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Last Updated: Sunday, 5 February 2006, 16:04 GMT
Tensions high at Egypt ferry port
A distraught relative is comforted at Safaga, Egypt

Tensions are high among the families of some of the 1,400 passengers who were on board an Egyptian ferry that sank in the Red Sea on Friday.

Relatives stormed the dock area in the port town of Safaga as rescuers continued to search for around 800 passengers still missing.

Several hundred relatives also gathered at a morgue in Cairo where some 68 bodies were expected to be brought.

More survivors were found on Sunday, including a five-year-old boy.

If you don't have the bodies, at least give us (death) certificates and let us go. You have been torturing us for days
Heshmat Mohammed Hassan

Police say more than 400 survivors have now been rescued, and 195 bodies recovered.

A senior police officer in Safaga was quoted by Reuters news agency as saying 67 survivors were pulled from the waters overnight, although this has not been officially confirmed.

Earlier in Safaga, a list of the first 30 identified bodies were read out and soldiers handed around photos of victims in an attempt to identify them.

But the families, many of whom had spent a third night at the port where the ferry had been due to dock, complain they have received little information about their loved ones.

Little consolation

The BBC's Ian Pannell says he was besieged by relatives holding up photographs of missing relatives and imploring him for information when he arrived on Sunday.

Some directed their anger at the Egyptian authorities, including President Hosni Mubarak.

"Down with the interior ministry, down with Mubarak," they chanted.

Riot police deployed at Safaga, Egypt
Riot police were deployed at Safaga as frustrations boiled over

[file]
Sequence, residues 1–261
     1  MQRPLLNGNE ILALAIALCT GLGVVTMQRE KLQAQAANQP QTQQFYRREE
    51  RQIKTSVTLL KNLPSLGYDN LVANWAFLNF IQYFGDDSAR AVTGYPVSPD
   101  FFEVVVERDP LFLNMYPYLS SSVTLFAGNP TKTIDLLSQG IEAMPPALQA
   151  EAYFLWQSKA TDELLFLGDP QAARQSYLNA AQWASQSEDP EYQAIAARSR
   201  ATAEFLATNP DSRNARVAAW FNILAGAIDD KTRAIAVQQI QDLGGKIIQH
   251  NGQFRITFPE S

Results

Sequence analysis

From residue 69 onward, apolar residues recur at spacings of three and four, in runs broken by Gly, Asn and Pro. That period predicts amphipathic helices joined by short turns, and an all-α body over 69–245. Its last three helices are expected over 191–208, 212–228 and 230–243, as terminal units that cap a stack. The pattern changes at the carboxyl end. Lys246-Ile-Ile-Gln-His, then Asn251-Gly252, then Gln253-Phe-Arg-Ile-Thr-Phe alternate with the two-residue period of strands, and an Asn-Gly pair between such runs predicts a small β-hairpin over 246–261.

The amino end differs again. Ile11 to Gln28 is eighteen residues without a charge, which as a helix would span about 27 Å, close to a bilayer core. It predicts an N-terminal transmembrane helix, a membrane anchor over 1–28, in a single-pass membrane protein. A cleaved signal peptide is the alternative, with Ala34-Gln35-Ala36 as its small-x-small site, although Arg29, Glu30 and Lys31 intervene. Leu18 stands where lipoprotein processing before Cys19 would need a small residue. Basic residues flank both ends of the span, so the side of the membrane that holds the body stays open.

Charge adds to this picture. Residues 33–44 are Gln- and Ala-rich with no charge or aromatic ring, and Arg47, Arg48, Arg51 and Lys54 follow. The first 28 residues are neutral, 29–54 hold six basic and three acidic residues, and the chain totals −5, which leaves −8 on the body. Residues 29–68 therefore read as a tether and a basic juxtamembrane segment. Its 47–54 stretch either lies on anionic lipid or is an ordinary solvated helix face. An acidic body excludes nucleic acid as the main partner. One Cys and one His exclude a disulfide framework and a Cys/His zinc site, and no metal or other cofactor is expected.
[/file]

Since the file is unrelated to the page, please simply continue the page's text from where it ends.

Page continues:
"If you don't have the bodies, at least give us (death) certificates and let us go. You have been torturing us for days," Heshmat Mohammed Hassan from Sohag, whose brother is still missing, was quoted by the Associated Press as saying.

The government's offer of $5,000 (2,837) to every family was of little consolation.

One man angrily asked: "Is this what an Egyptian's life is worth?"

Riot police were deployed at the port on Saturday as clashes broke out.

Details emerge

Relatives' anger has grown as more details have been released about what happened to the ship, our correspondent says.

The rescue mission is reported to have been launched several hours after the ferry sank.

And the crew are accused of ignoring warnings to evacuate after the fire broke out on board and the ship began to list.

One survivor told the BBC the alarm system was not working. Others say there were not enough lifeboats and lifejackets for all the passengers.

The fire broke out on the 35-year-old al-Salam Boccaccio '98 ferry soon after it left the Saudi Arabia port of Duba for Safaga on Thursday evening.

Most of the passengers were Egyptians working in Saudi Arabia, but some were said to be pilgrims returning from Mecca.

The owners of the ferry, the Al-Salam Maritime Transport Company, said the ship had complied with all international safety standards.

Weather conditions have hampered the rescue operation, with high winds and choppy seas.

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